Friday, September 27, 2013

The long-term effect of Golan v. Holder

Last year, one of the most important decisions in copyright law history made its way to the Supreme court, and that decision was Golan v. Holder.

The effect of Golan v. Holder was that works that were once in the public domain whose copyright holders had dropped the copyright could get the copyright back if copyright law expanded its applicability. If you forget to renew your ownership, you can always get it back for no extra fee. It would be nice if library books worked that way!

The effect of this decision is twofold... first of all, companies that dropped the copyright of a piece of music or literature that then got a lot of free marketing through free use can then get the copyright back for as long as the law allows, making all other distributions illegal. No work needed!

The second effect is scary for musicians, and will come into effect if copyright is extended beyond the current 95/120 year period. If Congress were to extend copyright to 200 years lets say, than under the Golan v. Holder decision, I see absolutely no reason why the companies that used to own Beethoven's 9th symphony or America the Beautiful, or Mark Twain's works or Uncle Tom's Cabin couldn't come and claim ownership under Golan v. Holder, even though their copyrights lapsed a long time ago. This will attack culture and have little to no benefit for society. I hope that Congress will remove us from the World Trade Organization because it clearly does not represent the will of the people but instead the will of corporations that are contrary to the interest of individuals, society, and culture.

I am not opposed to globalization as a movement and would be in favor of international agreements that protect the rights of people to get a fair day's wage for a fair day's work and to make laws that protect people from being ripped off. The laws the World Trade Organization has been proposing (along with NAFTA) are contrary to the interests of the majority of people, when companies that cross the American/Canadian border pay tariffs but companies don't (even though "corporations are people", which is looking Orwellian), when there are absolutely no protections against slavery and dangerous working conditions with the WTO but harsh laws giving people who have never worked a day in their lives ownership of George Gershwin's Rhapsody in Blue in perpetuity. I am in favor of globalization if it helped the majority of people, but the current laws being passed are against the interest of the majority, because the people who write these laws are heavily funded by the groups that financially benefit from unfair copyright laws and immoral labor laws.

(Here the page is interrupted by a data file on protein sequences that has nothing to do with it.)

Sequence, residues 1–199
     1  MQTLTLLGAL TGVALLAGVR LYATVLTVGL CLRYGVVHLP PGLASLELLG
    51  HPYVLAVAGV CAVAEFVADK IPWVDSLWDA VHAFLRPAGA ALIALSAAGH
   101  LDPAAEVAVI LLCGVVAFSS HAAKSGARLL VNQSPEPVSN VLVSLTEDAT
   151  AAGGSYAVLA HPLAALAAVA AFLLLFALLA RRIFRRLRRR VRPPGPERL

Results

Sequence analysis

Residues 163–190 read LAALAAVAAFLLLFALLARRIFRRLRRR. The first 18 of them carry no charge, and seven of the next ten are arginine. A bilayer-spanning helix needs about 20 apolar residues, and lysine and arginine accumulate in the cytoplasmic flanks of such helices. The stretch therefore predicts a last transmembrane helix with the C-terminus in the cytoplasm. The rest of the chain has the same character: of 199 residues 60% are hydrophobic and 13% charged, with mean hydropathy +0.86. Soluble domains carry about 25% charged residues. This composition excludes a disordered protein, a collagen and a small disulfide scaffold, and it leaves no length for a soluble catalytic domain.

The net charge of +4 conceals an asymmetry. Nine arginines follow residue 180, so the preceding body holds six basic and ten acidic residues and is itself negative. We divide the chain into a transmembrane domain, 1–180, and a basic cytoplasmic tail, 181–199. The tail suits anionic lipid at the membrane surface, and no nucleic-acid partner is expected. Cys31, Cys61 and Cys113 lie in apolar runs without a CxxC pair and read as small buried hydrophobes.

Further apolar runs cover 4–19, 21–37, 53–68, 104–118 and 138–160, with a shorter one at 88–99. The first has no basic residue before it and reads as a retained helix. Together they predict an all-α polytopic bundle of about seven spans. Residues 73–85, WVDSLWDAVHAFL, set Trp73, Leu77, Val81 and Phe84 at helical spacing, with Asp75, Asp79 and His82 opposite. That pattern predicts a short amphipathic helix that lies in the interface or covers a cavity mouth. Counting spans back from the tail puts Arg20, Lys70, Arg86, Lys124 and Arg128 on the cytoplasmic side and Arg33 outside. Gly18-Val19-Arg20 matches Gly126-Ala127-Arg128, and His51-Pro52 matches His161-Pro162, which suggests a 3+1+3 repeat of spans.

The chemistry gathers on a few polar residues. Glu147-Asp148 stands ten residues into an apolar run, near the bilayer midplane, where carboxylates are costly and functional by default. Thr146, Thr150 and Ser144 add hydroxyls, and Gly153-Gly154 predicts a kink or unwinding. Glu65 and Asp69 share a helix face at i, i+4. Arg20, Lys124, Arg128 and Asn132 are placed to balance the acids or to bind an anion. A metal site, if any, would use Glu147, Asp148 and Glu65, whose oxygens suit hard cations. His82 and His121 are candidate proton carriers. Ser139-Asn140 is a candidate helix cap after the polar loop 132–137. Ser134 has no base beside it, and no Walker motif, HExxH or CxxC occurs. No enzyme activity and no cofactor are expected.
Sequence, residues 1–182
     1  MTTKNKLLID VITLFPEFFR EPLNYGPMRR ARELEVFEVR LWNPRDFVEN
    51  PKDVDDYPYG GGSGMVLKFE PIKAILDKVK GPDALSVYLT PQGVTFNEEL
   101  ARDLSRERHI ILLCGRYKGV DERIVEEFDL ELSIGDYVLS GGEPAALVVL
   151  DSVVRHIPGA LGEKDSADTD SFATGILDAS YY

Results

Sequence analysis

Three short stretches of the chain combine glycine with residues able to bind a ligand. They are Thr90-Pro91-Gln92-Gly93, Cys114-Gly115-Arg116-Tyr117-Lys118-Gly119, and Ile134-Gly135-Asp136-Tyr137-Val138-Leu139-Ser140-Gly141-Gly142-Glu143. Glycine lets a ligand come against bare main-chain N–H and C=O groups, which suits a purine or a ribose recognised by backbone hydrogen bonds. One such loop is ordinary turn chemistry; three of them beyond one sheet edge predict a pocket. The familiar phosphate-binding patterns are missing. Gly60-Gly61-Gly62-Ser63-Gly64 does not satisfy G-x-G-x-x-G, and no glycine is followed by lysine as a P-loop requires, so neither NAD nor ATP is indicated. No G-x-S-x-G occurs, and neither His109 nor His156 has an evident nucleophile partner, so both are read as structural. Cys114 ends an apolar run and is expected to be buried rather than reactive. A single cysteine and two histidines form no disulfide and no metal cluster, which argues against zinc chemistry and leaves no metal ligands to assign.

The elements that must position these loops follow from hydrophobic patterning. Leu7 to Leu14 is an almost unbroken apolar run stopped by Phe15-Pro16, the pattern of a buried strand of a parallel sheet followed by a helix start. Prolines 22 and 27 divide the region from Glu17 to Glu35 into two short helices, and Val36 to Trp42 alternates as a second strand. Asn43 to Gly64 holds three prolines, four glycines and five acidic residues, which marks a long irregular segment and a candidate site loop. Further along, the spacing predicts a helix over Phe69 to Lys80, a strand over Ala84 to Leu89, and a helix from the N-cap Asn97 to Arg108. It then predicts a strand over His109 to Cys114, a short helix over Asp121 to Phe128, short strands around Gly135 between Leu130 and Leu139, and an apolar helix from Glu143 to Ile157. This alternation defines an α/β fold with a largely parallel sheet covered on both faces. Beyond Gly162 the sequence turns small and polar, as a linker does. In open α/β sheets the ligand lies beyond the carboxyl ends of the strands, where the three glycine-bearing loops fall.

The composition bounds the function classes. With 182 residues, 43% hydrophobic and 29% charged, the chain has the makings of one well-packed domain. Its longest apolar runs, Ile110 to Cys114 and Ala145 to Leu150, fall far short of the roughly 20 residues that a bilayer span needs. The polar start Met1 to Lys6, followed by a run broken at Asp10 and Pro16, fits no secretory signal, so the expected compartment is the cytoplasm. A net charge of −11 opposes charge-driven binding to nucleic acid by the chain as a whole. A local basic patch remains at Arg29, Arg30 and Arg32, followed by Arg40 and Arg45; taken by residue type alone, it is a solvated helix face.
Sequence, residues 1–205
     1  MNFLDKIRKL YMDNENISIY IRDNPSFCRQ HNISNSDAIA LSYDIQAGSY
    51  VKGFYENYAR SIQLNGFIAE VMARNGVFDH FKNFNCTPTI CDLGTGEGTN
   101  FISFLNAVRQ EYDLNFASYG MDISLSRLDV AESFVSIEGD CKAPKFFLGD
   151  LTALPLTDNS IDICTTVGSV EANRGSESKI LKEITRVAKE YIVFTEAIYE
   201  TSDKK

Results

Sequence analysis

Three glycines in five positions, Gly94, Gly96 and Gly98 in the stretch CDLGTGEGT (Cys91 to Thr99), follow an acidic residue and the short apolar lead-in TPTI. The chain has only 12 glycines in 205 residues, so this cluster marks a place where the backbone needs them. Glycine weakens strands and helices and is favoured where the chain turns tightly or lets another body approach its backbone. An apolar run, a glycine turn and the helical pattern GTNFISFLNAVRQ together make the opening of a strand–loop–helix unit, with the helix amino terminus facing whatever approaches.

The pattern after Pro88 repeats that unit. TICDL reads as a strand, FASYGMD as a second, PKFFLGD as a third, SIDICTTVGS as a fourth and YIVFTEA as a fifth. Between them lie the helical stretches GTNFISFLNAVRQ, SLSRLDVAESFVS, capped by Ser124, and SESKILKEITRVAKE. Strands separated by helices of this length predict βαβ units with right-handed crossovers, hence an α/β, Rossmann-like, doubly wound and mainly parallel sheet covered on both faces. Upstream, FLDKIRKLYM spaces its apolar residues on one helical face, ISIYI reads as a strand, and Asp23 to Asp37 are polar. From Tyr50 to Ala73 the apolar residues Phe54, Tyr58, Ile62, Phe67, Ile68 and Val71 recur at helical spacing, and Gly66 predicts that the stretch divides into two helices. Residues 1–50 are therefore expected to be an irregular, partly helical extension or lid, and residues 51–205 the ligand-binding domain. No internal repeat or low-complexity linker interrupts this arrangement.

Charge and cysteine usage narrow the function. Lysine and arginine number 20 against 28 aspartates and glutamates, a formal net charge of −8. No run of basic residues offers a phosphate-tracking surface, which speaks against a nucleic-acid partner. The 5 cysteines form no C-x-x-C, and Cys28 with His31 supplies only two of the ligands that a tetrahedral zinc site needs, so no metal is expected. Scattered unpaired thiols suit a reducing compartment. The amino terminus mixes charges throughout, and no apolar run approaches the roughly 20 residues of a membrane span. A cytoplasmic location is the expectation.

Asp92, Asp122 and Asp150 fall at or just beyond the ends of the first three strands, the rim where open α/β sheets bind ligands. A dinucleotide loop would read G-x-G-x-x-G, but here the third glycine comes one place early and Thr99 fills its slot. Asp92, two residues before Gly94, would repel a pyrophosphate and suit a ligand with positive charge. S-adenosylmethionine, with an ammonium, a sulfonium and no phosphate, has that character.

This is another facet of the big issue of politics which is again Citizens United when multinational corporations are able to fund politicians to an extreme amount. OpenSecrets has made this graph of how much money went to each party per election and who won, which shows how since 1998 the party that got the most money has been reelected every single time. When you are getting a lot of money from copyright holders and little to nothing from people who want to see copyright stay limited, there is leaves little wonder how the Uruguay Round and Sonny Bono Copyright Term Extension Act were passed. We need to repeal the Uruguay Round, reform the WTO, repeal the Sonny Bono Copyright Term Extension Act and move to a plan like I have proposed which will help musicians, students, and make it so that copyright is how it should be. We are going down a very dangerous path where everything will be rented and economic freedom will be limited like it was before capitalism.

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